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I've always wondered (and was re-inspired to explore further from these two videos) that if at a single point of time we know about the complete state (position, momentum, spins, everything.) of every particle in an isolated system (e.g., the whole Universe), can we perfectly determine its future? And by same analogy, also the past?

I understand that according to the uncertainty principle, it is impossible to determine all state properties of a particle accurately at the same time.

So my question is, is it like future of an isolated system is already determined but is just not perfectly predictable by an observer because of limitations in observability?

UPDATE: To be more clear, the question is not about whether we can or can not determine the future but about whether or not the future of an isolated system is already fixed. I.e., given exactly same initial conditions, will two isolated systems always be in same state with time? Is our future already fixed even though we'll never know it in advance?

UPDATE: Would appreciate less technical and more accessible explanations. I'm not from Physics background but am interested in it nonetheless.

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It depends. Do you mean by "determine its future" that the future states are determined, or that measurement results are determined? You might also enjoy this or this question. –  ACuriousMind Jul 27 '14 at 3:00
@ACuriousMind future states. –  Vikrant Chaudhary Jul 27 '14 at 3:03
FYI, "hidden variable" is a term used to talk about theories in which quantum uncertainties merely represent limits of our measurement/knowledge, but that in reality there's an "actual value". Mathematics and experiment have ruled out various entire kinds of hidden variable theory as unworkable or inconsistent with observation, and I think that area of research is worth your time. It speaks to your intuition that things might be more predetermined than we're able to measure, and shows that some of the ways we might like this to happen actually aren't the case. –  Steve Jessop Jul 27 '14 at 9:42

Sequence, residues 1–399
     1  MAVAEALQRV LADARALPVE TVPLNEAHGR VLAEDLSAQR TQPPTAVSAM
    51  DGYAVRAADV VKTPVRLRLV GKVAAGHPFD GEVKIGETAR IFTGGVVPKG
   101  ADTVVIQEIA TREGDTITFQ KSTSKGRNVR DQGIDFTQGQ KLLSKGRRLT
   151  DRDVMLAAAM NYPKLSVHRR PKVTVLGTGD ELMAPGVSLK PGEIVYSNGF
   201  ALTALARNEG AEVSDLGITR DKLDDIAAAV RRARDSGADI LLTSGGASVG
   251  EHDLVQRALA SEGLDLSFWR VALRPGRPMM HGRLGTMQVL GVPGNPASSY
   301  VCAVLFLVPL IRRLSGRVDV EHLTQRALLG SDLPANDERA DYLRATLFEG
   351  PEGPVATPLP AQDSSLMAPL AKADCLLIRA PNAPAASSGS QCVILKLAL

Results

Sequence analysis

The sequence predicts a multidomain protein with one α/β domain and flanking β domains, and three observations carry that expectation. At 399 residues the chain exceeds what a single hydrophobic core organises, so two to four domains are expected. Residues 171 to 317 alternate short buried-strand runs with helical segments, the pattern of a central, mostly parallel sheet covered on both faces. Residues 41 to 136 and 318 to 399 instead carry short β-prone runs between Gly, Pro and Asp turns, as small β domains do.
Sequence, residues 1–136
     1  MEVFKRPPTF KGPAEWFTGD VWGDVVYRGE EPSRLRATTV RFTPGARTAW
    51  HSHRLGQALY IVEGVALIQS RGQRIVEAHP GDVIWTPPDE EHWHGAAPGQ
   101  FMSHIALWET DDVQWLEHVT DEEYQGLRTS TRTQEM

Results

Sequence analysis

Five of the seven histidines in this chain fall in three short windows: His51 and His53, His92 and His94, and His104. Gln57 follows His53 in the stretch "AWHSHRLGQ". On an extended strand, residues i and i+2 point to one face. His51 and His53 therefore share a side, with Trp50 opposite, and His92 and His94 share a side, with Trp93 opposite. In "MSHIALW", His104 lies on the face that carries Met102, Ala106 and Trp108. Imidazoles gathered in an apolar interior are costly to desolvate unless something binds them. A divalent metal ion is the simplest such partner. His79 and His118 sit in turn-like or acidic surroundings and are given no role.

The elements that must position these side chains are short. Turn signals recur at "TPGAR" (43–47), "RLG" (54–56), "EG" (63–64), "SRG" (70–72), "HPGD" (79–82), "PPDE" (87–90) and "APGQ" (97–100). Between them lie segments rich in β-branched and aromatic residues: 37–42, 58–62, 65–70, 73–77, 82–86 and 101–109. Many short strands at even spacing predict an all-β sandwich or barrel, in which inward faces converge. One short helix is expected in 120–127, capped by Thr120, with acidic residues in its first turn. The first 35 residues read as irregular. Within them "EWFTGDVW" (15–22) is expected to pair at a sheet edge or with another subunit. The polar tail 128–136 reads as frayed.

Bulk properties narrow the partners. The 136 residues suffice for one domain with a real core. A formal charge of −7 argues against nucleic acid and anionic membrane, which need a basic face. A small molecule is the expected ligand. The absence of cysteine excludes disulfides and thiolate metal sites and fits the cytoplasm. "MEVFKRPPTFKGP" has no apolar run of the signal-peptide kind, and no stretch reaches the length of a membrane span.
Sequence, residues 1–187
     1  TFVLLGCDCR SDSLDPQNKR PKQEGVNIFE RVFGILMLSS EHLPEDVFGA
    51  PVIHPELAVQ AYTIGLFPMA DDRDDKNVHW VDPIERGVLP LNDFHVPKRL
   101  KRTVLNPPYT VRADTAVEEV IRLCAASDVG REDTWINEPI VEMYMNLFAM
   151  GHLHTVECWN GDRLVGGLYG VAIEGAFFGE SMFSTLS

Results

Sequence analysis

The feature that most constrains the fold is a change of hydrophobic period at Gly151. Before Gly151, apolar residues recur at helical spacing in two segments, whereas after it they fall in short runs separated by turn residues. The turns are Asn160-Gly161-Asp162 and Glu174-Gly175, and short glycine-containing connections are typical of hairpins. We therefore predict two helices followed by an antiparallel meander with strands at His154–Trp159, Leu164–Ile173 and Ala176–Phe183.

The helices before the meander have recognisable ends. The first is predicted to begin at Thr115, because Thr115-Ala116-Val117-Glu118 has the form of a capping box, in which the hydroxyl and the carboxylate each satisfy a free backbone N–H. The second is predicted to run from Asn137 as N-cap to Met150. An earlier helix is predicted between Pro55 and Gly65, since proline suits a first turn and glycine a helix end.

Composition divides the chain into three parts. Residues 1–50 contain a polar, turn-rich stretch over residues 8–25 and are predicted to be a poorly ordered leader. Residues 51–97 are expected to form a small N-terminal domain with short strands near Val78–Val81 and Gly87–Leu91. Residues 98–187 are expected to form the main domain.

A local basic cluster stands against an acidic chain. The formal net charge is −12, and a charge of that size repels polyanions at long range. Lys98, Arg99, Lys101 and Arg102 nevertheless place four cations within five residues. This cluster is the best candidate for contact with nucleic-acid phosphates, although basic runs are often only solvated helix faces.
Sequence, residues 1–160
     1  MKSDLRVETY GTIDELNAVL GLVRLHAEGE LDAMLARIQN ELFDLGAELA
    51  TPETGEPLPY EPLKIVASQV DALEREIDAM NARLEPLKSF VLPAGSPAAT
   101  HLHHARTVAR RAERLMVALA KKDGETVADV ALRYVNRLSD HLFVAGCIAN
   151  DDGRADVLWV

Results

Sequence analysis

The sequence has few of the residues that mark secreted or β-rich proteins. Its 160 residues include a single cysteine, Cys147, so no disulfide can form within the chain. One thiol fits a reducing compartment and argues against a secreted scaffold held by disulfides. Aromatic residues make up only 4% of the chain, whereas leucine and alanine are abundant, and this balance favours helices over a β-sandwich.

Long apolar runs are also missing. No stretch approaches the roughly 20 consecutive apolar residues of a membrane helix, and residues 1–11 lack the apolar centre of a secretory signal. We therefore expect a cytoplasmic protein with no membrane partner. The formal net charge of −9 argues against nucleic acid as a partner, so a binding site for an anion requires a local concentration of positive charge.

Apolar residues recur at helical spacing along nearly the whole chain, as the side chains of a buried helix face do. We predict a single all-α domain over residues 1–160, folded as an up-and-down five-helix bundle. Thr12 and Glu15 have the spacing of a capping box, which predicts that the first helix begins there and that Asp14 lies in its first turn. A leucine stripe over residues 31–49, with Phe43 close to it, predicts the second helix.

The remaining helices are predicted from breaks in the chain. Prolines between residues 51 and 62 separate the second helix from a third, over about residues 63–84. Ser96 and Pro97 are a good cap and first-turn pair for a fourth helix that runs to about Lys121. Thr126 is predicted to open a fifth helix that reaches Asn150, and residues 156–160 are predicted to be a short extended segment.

@bechira: well, Einstein though it was relevant to the matter of determinism (and said so), but then Einstein was wrong about hidden variables anyway. In any case I think the questioner probably doesn't know enough to ask his question precisely (especially around exactly what a "state" is that he's asking about), and that the answer "the Schroedinger equation evolves predictably" doesn't satisfy the request. But hey, if it's the straightforward answer then post it, and if the questioner accepts it then I'm flat wrong and it does satisfy :-) –  Steve Jessop Jul 27 '14 at 15:11
@SteveJessop "questioner probably doesn't know enough to ask his question precisely". Yes, I agree. :-) –  Vikrant Chaudhary Jul 27 '14 at 15:14

5 Answers 5

There are a few ways to answer your question, and I will try to list some of them.

  1. According to Quantum Mechanics, and due to the Heisenberg Uncertainty Principle, we cannot predict the future state (position and momentum) of any system. Given the state of a system in classical phase space $(\textbf{r}(t_0), \textbf{p}(t_0))$, we cannot determine the state at some later time $t$. However, given a quantum state $ | \Psi (\textbf{r}, t_0)\rangle$, we can use Schrodinger's equation $i \hbar \partial_t | \Psi \rangle = H | \Psi \rangle$ to predict the state's evolution. The difference here is we are tracking the probability of the system being in some classical state$^1$, not which state it will be in.

  2. Unfortunately, we do not have a "theory of everything" at the moment, only effective theories that cover certain domains (specifically, certain energy domains and length scales). Even if we were given the quantum state of the Universe, we wouldn't have the physics to determine its time-evolution. In some sense, we may never arrive at such a theory, and only have better and better effective theories that cover a wider range of natural phenomena.